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Libya's Gadhafi Loyalists Fight to Hold Sirte


A Libyan revolutionary fighter fires his machine gun while attacking pro-Gadhafi forces on the western side of Sirte, Libya, October 13, 2011.

A Libyan revolutionary fighter fires his machine gun while attacking pro-Gadhafi forces on the western side of Sirte, Libya, October 13, 2011.

Well-armed loyalists of former Libyan leader Moammar Gadhafi have slowed an advance by provisional government fighters who have been trying to gain control of the coastal town of Sirte.

The National Transitional Council (NTC) fighters say they had to retreat in part of the town on Thursday under heavy artillery fire.

NTC officials also backtracked on reports that one of Gadhafi's sons was arrested in Sirte.

On Wednesday, some NTC officials said the former leader's son, Mutassim, had been detained and taken to the eastern city of Benghazi for questioning. But provisional government officials later said the reports could not be confirmed.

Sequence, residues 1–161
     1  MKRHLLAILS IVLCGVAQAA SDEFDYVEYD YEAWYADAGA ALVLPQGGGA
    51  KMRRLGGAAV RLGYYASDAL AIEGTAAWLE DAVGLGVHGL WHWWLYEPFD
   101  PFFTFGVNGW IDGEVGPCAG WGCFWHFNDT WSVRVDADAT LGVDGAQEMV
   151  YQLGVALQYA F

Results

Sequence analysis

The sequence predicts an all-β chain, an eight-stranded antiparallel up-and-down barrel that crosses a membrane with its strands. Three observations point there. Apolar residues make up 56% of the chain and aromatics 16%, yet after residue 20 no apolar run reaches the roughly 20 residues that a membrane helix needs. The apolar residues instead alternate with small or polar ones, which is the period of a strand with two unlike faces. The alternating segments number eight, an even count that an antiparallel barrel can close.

NTC officials say revolutionary forces did capture some fighters believed to be with Mutassim in Sirte. Mutassim was Libya's national security adviser and had a strong role in the military and security forces under his father's government.

There have been false reports regarding the capture of senior Gadhafi figures in the past, including that of another son, Saif al-Islam, who is still on the run.

Meanwhile, Amnesty International is urging the NTC to end arbitrary detentions and "widespread abuse" of detainees, saying there is a risk of repeating patterns of Gadhafi's rule.

In a report released Thursday, the London-based rights group said it found a pattern of beatings and ill-treatment of pro-Gadhafi soldiers, suspected loyalists and alleged mercenaries in western Libya.

The group said its findings are based on interviews of about 300 prisoners during August and September.

Some information for this report was provided by AP, AFP and Reuters.

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